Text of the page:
Manama: The situation in the Arabian Gulf and the developments in the Middle East peace process will top the agenda of the international talks between Kuwait Emir and the US president when they meet at the White House, Deputy Foreign Minister Khalid Al Jarallah has said.
The challenges within the framework of the international coalition against terrorism will also figure high on the agenda of the discussions between Shaikh Sabah Al Ahmad Al Sabah and President Donald Trump on Wednesday.
Talks on bilateral ties will focus on a wide range of cooperation opportunities, especially those related to the economic, investment, trade, security and defence fields, Al Jarallah said.
“The visit that comes within the framework of the historical ties between Kuwait and the US for more than 100 years will witness the signing of a number of bilateral agreements that aim to boost cooperation between the two countries,” the deputy minister said, quoted by Kuwait News Agency (Kuna).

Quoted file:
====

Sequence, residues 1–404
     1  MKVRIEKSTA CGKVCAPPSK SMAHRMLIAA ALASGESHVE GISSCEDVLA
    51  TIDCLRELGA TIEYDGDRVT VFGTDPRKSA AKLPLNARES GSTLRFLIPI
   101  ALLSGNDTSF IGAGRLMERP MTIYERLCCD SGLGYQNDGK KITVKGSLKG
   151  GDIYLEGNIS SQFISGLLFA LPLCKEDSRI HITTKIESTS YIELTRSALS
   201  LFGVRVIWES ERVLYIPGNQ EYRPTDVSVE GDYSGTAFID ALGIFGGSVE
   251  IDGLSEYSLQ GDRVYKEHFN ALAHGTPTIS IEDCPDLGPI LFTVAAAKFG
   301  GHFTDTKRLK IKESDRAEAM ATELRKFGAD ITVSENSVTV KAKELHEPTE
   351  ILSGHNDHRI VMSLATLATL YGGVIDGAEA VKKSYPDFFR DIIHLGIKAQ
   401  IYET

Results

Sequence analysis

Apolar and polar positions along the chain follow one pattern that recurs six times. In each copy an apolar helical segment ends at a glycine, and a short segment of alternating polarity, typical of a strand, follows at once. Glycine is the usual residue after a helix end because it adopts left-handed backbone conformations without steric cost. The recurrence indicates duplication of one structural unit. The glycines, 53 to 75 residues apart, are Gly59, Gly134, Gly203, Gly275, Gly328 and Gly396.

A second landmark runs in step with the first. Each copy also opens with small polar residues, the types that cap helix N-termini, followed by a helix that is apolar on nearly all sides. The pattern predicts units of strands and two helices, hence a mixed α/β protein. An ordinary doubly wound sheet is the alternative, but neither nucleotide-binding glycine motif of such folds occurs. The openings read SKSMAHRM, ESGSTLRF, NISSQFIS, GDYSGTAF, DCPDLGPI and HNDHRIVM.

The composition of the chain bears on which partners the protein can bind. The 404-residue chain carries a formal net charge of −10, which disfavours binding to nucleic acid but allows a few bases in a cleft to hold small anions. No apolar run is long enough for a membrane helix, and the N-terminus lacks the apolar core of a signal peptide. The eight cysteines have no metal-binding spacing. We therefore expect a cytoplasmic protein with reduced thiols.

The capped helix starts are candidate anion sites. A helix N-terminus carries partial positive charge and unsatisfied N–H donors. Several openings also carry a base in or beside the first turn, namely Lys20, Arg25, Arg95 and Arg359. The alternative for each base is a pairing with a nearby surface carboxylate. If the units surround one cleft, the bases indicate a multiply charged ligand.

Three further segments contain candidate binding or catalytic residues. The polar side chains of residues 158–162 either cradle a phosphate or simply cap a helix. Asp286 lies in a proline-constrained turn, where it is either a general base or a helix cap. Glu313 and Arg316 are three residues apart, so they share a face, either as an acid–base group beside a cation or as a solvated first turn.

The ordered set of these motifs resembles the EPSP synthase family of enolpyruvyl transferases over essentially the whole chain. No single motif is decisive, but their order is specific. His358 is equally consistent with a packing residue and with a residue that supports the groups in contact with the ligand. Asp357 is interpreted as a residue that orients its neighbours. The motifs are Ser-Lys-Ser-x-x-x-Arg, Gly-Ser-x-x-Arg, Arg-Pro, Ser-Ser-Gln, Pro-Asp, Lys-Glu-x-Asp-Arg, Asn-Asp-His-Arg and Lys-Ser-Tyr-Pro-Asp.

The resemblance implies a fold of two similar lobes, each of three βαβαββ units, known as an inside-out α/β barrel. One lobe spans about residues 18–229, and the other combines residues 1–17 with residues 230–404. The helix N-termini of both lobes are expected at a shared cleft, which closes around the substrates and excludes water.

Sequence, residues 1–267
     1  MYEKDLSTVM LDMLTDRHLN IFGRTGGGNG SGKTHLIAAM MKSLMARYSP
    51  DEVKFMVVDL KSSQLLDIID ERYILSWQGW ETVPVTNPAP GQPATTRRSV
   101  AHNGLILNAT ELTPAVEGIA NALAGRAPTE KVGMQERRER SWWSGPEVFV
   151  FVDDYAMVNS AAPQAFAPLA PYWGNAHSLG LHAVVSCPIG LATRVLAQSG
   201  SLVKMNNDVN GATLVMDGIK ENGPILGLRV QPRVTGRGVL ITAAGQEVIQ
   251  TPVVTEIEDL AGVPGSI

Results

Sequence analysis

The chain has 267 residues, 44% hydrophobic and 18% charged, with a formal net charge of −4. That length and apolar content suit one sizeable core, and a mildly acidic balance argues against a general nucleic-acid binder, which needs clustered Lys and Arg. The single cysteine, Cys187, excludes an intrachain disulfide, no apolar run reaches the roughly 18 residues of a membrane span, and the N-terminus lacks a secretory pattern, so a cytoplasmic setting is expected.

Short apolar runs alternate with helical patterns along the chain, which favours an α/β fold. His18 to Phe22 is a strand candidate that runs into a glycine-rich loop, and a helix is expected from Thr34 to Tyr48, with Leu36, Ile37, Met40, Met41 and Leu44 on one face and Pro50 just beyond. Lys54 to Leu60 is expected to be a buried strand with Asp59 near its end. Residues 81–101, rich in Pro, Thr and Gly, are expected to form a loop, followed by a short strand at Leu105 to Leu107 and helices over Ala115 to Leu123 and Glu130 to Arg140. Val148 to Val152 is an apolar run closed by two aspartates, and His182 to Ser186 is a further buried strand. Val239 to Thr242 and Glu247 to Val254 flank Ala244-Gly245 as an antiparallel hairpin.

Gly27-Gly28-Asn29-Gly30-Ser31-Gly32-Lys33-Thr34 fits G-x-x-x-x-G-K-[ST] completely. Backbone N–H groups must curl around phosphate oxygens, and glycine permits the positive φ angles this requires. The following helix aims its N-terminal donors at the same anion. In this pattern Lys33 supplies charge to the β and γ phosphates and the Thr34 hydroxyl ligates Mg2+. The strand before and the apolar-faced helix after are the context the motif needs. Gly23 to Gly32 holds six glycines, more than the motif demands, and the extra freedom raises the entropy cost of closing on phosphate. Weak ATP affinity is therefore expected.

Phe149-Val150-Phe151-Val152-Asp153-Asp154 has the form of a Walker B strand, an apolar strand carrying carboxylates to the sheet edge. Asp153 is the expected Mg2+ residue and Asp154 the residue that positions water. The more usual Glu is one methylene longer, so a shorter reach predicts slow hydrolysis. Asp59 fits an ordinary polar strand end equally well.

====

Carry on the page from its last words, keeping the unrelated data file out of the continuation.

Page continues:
“Both countries are keen on strengthening their strategic partnership. The visit also holds a special significance in light of the accelerating regional and international developments.”
Shaikh Sabah had arrived at Andrews Air Force Base in Washington on Monday, exactly one year after his last visit to the US during which he was accompanied by a high-calibre official and business delegation.
Shaikh Sabah and President Trump met for the first time in May last year at the Gulf-American Summit in the Saudi capital Riyadh.
“The visit provides an opportunity to exchange views on pressing regional challenges, building upon a face-to-face dialogue between the two leaders begun at last year’s US-GCC Summit in Riyadh and continued at the Emir’s visit to the White House last September,” Lawrence Silverman, US ambassador to Kuwait, wrote in an editorial.
“The visit will witness the signing of several bilateral arrangements that will enhance the strategic ties and cooperation between our two countries.”
The diplomat said that the US and Kuwait shared concern for regional threats and the need for unity among partners to address them.
“We look forward to discussions with the Emir and his delegation in Washington regarding Iran, developments in Syria, Iraq, Yemen, the ongoing GCC dispute, and other issues.”
In 2004, President George Bush awarded the status of major non-Nato ally to Kuwait, a designation given by the US government to close allies that have strategic working relationships with the US army but are not members of Nato.